Flying in and out of life, and back in again: Lachie Samuel’s story of survival
Lachie Samuel knows a thing or two about remote, casual work. The Fly-In-Fly-Out life (FIFO) and Drive-in-Drive-Out (DIDO) life sounded appealing when, as a 19-year-old in 2009 Lachie followed his brother out of Auckland to Kalgoorlie, 600ks from Perth.
“I jumped straight into it,” he says. “Scaffolding, rigging, trades assistant, any type of trade to do with mining and construction, I loved it but for the wrong reasons.
“I loved it because it was hard work and it made me feel like I was a man, like I was enough because I made a lot of money. I could get steroids whenever I wanted, free gym free food, free accommodation.”
But there was a downside.
“I didn’t like the way we were treated as workers, dismissed if we raised issues. I felt hugely insignificant as someone working there. The mindset and culture of the workers is ‘find anything to whinge about that you can.’
“Like when you are doing 28-day swings and you get off the plane and you have a sleep and wake up the next morning at 4am, get on the bus at 5.30am and you’ve got guys in your swing (roster) saying, ‘28 days to go man.’ You’re like, ‘shit, I don’t want to be reminded of this first thing in the morning.’ It’s a lot of negativity, a lot of complaining. That’s one of the reasons people are so highly distressed in the industry, because of that lack of ability to manage stress and that comes out as bitterness or resentment.”
Lachie Samuel: returning to FIFO with a new outlook.
The way down, the way up
Four years later, Lachie found himself in a deep hole. He had moved to Perth with his girlfriend and was spending longer stints in the outback. Their relationship fell apart and Lachie, missing his only source of validation, spiralled into depression. He was forced to resign ‘because I fell into a state of not caring about anything’, and eventually attempted suicide.
When his ex told him she was pregnant, he rejected the prospect of becoming a father until the moment he saw his newborn and found a new purpose to his life. “Would she be ok never knowing what it was like to kiss or cuddle the man who gave her life?”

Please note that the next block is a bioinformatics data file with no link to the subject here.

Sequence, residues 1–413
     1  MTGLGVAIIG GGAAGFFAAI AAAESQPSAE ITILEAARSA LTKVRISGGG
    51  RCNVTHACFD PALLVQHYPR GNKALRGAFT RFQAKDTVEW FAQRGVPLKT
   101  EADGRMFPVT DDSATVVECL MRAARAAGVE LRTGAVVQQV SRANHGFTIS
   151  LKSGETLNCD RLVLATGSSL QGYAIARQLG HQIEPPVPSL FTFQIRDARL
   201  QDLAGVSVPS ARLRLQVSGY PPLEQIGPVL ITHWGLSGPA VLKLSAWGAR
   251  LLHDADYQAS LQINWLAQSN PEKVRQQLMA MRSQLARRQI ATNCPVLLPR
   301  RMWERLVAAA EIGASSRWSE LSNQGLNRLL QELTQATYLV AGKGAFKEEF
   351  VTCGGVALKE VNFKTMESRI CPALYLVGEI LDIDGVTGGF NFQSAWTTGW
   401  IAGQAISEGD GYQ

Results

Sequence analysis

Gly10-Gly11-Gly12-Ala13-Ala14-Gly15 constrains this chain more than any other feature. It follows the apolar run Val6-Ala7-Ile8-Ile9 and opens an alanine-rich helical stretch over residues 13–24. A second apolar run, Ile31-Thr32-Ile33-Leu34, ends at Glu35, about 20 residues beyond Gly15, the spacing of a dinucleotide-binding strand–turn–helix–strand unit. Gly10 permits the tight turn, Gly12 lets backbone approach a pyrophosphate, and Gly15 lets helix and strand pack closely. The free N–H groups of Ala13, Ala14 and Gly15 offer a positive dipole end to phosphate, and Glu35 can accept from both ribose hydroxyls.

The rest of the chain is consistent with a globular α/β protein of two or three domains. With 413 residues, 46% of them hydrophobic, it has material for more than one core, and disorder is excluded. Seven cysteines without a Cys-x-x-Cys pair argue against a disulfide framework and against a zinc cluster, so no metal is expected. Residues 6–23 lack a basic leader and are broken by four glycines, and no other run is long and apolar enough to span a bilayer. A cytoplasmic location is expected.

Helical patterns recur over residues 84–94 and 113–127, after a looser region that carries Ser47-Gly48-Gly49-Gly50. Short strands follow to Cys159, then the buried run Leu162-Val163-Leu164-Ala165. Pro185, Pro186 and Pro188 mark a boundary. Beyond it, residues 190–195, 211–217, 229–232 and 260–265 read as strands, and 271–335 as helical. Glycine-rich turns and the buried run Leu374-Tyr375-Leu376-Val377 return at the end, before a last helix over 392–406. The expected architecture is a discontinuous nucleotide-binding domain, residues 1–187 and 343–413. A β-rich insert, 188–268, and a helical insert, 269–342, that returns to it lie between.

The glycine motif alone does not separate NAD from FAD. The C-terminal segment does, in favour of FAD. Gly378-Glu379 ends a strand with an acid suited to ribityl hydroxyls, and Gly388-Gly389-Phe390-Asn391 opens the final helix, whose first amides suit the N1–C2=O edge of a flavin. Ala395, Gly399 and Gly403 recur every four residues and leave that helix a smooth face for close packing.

Over the next two years, Lachie immersed himself in meditation and personal development, eventually returning to FIFO with a new outlook.
But three months into his dream job, a colleague did take his life and Lachie lost his footing. There was little empathy among the contractors and workers at Wheatstone in the Pilbara for the tragedy. “They said he was a pussy, a faggot for doing it and I went back down into suicidality. I got evacuated and lost another friend not too long after being evacuated. This guy was by all accounts smiley, one of the happiest dudes I’d ever known. There was a lot of guilt attached to that too …”
Lachie had to find his own way up. During his first bout of suicidality, he just assumed he was a crap worker. “There was no awareness, no reaching out for help and no acknowledgement that I was struggling,” he says. No one picked up on it. No one noticed that he’d lost his normal happy vibe, and had become angry. It was more along the lines, ‘you’re really shit at the moment, pick your game up or we’ll have to let you go.'”
If he didn’t turn up to work, his supervisors would turn up to his room and give him a blasting. “No inquisition, no care, no ‘maybe there is something going on.’”
Embracing family and his role as a dad.
The inner swing
Yoga and meditation taught Lachie how to become aware of his thinking, and move from negative to positive self-talk. He bought a Deepak Chopra book from the airport on one swing and started with a basic 10-minute meditation practice. “I pretty much lent on that for the next couple of months.”